Gallery: Anna Harris & Thomas Fuller
The Night-Side of Hospitals
When one examines this fleeting and permanent reality carefully, one has the impression of exploring the night-side of societies, a night longer than their day, a dark sea from which successive institutions emerge, a maritime immensity on which socioeconomic and political structures appear as ephemeral islands.
— Michel de Certeau, The Practice of Everyday Life
Skilled workers have always moved around the globe, but in the 21st century we are seeing unprecedented mobility among doctors, nurses and other healthcare professionals. Despite immigration policies that often aim to facilitate this mobility, healthcare workers face unique regulatory and cultural barriers. Many occupy precarious positions on the fringes of the medical system in their new country: taking night shifts, for example, or working in undesirable locations or specialties. Others cannot find medical employment at all; they work as taxi drivers or cleaners while they study for licensing exams, learn a new language, or wait for jobs that never open. Cities around the world are filled with over-qualified migrants struggling to find a place in their new home.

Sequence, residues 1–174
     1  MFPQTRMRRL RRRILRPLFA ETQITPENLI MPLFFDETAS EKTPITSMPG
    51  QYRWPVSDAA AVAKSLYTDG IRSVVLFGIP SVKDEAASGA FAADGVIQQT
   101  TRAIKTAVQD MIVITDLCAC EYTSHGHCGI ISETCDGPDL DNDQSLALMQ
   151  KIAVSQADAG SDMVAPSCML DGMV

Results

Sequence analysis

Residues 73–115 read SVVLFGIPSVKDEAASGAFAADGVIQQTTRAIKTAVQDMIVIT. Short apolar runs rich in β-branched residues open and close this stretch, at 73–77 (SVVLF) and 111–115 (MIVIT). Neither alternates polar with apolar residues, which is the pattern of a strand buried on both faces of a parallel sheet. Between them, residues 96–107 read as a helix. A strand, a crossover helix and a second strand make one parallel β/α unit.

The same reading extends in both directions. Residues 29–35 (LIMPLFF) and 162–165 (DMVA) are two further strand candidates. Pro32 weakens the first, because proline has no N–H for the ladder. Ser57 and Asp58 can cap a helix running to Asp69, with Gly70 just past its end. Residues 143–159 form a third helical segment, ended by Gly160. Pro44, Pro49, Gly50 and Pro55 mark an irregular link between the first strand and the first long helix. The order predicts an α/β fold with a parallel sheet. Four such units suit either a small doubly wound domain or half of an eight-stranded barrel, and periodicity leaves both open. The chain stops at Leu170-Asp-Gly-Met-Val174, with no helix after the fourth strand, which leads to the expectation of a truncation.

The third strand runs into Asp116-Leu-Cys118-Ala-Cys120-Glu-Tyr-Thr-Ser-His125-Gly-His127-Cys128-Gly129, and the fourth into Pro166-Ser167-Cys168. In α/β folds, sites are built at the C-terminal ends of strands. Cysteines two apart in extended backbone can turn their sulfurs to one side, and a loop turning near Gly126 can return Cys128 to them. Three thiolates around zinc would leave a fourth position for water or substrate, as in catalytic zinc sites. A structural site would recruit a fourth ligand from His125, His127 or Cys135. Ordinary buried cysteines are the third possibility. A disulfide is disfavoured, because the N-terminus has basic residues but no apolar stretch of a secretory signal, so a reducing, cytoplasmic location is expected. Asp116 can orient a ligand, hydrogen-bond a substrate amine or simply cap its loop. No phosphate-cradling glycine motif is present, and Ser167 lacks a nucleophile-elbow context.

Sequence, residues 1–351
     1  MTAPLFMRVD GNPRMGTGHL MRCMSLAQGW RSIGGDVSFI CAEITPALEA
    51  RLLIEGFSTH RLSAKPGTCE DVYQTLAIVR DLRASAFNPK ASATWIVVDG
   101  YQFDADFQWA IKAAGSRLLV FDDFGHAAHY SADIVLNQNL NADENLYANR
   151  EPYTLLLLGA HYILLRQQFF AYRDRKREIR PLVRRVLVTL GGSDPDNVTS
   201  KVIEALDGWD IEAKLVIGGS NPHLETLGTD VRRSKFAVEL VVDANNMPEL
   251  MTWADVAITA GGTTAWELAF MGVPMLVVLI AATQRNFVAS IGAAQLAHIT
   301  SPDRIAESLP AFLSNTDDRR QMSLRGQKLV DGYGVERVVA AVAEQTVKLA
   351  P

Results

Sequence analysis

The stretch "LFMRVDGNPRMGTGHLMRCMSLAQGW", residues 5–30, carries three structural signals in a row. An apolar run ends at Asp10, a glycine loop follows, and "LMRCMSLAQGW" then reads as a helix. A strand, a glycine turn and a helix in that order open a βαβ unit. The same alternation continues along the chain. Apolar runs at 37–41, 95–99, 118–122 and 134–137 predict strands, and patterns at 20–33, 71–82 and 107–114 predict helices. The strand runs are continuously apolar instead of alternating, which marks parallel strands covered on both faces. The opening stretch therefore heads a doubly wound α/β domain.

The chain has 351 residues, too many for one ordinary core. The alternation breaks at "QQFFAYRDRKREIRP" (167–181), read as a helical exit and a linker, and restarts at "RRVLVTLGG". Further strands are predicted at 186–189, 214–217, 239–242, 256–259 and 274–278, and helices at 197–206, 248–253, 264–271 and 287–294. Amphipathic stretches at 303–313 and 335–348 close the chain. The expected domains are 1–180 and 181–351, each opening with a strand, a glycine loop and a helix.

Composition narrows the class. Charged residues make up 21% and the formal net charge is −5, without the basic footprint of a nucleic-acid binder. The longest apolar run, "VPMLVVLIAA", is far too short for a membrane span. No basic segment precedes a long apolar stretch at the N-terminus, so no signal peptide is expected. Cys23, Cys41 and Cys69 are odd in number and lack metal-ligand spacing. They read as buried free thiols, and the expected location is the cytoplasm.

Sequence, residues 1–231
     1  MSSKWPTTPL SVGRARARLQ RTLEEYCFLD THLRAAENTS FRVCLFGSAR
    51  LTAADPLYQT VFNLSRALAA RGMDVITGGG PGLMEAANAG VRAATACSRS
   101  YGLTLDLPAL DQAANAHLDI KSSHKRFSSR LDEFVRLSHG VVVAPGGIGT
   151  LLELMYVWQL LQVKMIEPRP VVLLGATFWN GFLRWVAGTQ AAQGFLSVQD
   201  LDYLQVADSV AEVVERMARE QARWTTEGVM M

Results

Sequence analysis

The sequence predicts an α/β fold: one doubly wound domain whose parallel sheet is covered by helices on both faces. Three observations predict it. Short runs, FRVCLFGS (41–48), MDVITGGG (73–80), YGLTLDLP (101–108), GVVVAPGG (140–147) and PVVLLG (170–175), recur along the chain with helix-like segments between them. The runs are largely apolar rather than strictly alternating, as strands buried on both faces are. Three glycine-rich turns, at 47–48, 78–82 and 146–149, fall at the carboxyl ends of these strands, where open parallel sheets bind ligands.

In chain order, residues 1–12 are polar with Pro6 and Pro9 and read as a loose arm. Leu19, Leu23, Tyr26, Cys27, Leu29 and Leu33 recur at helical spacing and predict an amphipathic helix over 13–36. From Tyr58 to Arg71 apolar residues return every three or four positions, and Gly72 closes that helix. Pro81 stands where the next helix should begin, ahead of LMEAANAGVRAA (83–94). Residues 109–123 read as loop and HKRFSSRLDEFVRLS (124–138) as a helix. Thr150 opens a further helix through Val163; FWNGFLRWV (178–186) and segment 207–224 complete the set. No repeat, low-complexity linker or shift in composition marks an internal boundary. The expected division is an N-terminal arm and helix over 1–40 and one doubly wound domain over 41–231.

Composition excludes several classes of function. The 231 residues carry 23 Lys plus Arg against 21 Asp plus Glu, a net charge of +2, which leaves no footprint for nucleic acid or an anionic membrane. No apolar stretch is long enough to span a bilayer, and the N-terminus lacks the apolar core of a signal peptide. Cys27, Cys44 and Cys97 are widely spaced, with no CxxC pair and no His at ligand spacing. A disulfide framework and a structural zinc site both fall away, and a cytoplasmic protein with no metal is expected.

In collaboration with photographer and psychologist Thomas Fuller, I undertook an ethnographic study of migrant doctors in Melbourne hospitals. Hospitals are logistically and ethically complex sites in which to conduct research and take photographs. Concerned about privacy, the hospital bureaucrats asked us not to photograph people, so Thomas took pictures of empty spaces at night. Through these photographs we witness the movements of the medical underground, the fringe-dwellers.
We found that these hospitals were not only places of employment for the “lucky ones”; they were also places where migrant doctors socialized and studied for exams. Because of the quasi-public nature of these institutions, unregistered doctors could gather in cafeterias, tutorial rooms and libraries. In some cases, staff-only areas were not actually restricted by access cards, and anyone could walk in. The migrant doctors made the most of the facilities, using the coffee machines and photocopiers, exhibiting a resourcefulness often found in the margins. Here, they negotiated their status in a new country and tried to hold on to a professional identity in an environment that had once belonged to them, moving between the public corridors, cafeterias and meeting rooms, and the private and more clinical spaces. The final image in this sequence shows a ward desk during the night shift, a space belonging to the so-called lucky ones.
— Anna Harris